management theory――the famed Hawthorne experiment, which have a
significant discovery that the conscious individuals who are observing
by others have the tendency to change their behaviors.

At the time of the Enlightenment, humankind had as yet relatively little
knowledge of or control over the forces of nature, and scientific method
held out infinite promise. It was appropriate to think of reality as
something out there, waiting passively to be discovered, and reason as
actively engaged in exploring it. After all, at that time not even the
earth had been fully explored. Gathering facts and establishing
relationships among them was richly rewarding. Knowledge was being
acquired in so many different ways and from so many different directions
that the possibilities seemed unlimited. Reason was sweeping away
centuries of traditional relationships and religious dogma and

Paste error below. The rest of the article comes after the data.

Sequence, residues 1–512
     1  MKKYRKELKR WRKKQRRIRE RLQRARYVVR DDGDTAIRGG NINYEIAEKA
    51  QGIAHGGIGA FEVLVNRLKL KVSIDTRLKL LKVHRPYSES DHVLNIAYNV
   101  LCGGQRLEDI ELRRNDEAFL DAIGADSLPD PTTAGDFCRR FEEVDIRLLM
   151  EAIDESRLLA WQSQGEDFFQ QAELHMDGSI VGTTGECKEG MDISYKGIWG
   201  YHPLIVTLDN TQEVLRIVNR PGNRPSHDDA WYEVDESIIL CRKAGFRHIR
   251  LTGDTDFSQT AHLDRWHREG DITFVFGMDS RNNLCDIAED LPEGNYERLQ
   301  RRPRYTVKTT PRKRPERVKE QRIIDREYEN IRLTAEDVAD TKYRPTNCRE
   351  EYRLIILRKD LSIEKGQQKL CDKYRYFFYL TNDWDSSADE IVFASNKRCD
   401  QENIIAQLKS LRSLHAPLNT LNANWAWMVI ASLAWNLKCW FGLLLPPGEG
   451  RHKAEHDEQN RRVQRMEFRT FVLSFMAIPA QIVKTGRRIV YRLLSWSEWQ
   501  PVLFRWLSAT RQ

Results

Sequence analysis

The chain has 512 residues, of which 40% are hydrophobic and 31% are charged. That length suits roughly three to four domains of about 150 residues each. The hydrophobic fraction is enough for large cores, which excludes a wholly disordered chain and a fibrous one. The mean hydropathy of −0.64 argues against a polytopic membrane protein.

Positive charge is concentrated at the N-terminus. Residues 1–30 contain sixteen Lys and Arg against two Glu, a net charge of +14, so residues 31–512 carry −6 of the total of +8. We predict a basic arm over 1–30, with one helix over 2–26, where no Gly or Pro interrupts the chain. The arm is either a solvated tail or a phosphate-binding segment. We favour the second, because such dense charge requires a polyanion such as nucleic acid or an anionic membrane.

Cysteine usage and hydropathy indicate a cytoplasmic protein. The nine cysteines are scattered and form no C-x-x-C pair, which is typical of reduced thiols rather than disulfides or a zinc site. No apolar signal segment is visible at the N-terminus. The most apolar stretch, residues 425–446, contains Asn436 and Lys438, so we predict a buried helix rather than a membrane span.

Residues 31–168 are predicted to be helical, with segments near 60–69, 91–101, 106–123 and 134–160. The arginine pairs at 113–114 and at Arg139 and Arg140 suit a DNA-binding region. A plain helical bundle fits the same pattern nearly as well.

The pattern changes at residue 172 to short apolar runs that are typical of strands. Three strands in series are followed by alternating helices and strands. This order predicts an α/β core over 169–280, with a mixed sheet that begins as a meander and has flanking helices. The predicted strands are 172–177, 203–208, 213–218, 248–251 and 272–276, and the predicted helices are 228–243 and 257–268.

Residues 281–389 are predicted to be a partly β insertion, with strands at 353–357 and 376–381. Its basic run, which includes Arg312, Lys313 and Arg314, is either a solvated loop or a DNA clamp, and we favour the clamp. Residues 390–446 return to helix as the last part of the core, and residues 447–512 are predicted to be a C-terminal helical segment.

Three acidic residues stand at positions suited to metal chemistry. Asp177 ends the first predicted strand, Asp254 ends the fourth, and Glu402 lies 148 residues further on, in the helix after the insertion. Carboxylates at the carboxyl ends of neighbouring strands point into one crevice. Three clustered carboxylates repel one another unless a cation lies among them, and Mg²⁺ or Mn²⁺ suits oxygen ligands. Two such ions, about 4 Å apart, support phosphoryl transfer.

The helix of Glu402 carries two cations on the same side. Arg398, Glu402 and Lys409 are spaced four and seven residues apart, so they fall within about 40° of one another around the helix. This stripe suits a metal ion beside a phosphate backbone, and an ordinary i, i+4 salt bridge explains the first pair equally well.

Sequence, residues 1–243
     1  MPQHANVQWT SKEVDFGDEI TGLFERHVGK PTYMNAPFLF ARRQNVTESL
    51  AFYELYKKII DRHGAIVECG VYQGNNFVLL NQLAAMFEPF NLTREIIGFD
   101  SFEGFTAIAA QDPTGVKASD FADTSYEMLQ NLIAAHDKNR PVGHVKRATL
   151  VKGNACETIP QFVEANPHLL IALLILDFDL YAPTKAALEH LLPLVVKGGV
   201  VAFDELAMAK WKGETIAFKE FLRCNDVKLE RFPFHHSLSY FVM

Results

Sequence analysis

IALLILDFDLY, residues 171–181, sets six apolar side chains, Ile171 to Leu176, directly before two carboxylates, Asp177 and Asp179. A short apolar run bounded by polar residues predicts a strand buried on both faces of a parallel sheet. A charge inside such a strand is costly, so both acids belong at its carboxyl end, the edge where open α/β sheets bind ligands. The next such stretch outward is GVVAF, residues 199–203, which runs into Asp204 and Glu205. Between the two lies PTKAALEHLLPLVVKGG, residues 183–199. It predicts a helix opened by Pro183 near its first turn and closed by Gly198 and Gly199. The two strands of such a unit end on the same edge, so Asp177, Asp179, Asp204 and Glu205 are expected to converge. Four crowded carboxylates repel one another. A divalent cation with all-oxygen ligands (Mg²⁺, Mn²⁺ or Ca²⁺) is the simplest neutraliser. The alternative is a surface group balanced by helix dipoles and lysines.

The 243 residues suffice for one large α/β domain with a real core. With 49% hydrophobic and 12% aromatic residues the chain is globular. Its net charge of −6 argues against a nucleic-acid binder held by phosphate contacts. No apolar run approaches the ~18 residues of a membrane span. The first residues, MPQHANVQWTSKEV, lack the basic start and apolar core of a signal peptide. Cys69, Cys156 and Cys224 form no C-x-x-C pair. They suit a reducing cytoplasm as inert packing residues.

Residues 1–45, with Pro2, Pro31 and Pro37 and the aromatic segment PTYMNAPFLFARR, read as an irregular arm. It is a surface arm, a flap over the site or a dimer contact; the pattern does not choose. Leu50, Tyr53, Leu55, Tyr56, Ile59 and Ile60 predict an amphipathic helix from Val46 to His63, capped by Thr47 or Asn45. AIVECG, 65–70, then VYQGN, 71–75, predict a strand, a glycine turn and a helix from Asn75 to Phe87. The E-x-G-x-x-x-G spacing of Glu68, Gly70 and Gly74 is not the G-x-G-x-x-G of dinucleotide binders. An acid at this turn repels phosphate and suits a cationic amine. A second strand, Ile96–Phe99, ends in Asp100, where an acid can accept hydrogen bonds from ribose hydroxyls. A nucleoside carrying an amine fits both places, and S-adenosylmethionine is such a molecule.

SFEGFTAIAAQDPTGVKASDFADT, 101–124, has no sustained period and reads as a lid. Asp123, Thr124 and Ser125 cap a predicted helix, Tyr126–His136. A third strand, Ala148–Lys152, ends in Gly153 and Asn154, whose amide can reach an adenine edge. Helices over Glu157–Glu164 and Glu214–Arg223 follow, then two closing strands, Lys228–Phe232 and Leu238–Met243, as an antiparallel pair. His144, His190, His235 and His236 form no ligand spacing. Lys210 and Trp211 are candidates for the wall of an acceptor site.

generating a triumphant sense of progress.


The difficulties that reflexivity poses to a proper understanding of
human affairs went largely unnoticed. The leaders of the French
Revolution believed that reason could help reconstruct society from the
ground up, but their faith in reason was excessive. Society failed to
follow the dictates of reason and the euphoria of 1789 deteriorated into
the terror of 1794.

This theory is really useful to research management. But It’s just
suitable for corporate management. As a result, in fact, the varieties
of management ideology and literature works of china are more worthy of
learning and exploration to us,